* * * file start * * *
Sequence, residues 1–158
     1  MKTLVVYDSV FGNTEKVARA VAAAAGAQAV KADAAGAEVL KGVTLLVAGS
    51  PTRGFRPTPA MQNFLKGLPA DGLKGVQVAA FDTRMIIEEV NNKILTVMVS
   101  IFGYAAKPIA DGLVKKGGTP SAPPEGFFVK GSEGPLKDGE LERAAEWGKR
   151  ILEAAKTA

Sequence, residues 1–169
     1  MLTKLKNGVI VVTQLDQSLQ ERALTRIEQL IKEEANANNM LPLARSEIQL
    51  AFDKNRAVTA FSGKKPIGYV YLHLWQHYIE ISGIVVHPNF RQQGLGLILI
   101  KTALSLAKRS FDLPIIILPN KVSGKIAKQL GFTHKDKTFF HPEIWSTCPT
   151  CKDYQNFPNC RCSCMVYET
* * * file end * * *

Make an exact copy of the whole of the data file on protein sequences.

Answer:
Sequence, residues 1–158
     1  MKTLVVYDSV FGNTEKVARA VAAAAGAQAV KADAAGAEVL KGVTLLVAGS
    51  PTRGFRPTPA MQNFLKGLPA DGLKGVQVAA FDTRMIIEEV NNKILTVMVS
   101  IFGYAAKPIA DGLVKKGGTP SAPPEGFFVK GSEGPLKDGE LERAAEWGKR
   151  ILEAAKTA

Sequence, residues 1–169
     1  MLTKLKNGVI VVTQLDQSLQ ERALTRIEQL IKEEANANNM LPLARSEIQL
    51  AFDKNRAVTA FSGKKPIGYV YLHLWQHYIE ISGIVVHPNF RQQGLGLILI
   101  KTALSLAKRS FDLPIIILPN KVSGKIAKQL GFTHKDKTFF HPEIWSTCPT
   151  CKDYQNFPNC RCSCMVYET